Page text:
What was striking over the past few months was the sharp rise in amount of people crossing the border from Guatemala and Honduras. No longer does Mexico contribute the highest amount of individuals entering the United States. In fact, the number of Mexican citizens entering the United States illegally has actually decreased. Travelers journey from the south, making their way north through Mexico via trains and buses. Pictures have been taken of hundreds of people sitting atop cargo trains, heading for the United States. The journey for those from Guatemala is over 3,000 miles. This trip is extremely dangerous, particularly for those travelling alone. Travelers go hours on end without food and water, and shelter is hard to come by. Robbers attack during the night, taking the few possessions that people are able to carry with them. These people leave to escape poverty-ridden lives, danger and domestic violence. Many come with nothing but the clothes on their back and the hope of the American Dream.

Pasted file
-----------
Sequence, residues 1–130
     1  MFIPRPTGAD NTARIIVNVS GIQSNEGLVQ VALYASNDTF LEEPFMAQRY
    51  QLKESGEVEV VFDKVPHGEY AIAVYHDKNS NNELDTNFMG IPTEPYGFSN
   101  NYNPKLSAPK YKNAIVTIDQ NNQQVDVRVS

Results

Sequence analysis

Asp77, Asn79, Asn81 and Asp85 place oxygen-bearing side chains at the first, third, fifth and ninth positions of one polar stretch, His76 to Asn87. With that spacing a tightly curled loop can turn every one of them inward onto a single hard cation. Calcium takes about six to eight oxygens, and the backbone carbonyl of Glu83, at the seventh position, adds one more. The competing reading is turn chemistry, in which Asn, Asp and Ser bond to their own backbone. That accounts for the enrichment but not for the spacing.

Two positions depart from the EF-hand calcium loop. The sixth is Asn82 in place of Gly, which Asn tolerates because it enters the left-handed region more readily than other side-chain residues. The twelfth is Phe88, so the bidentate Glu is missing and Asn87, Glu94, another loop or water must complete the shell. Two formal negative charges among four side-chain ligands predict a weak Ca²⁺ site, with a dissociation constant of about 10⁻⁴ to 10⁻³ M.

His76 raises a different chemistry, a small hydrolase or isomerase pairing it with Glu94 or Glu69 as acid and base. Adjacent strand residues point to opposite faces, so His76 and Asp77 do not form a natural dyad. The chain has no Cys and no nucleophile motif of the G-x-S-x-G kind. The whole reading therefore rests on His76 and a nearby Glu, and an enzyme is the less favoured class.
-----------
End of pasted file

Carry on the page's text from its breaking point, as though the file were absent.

There is bipartisan agreement that the immigration system in the United States is broken. The rise in immigration this summer points to this. Dissention, however, lies in how to fix the system. With thousands of people already in this country illegally, there is heated debate as to how to solve this problem. Many firmly believe that assimilating and integrating people here illegally is the best solution. Others counter that the law needs to set harsh penalties and deport those who are undocumented. The rationale behind this view is that undocumented people overwhelm shelters and healthcare networks, stressing social services provided by taxpayers. The GOP is united in its condemnation of President Obama’s policies regarding illegal immigration, in that they are extremely lax. Yet Congress cannot reach a consensus regarding a new policy to implement. Decisions stand with the American voters as how to best solve the problem. For now, the debate continues.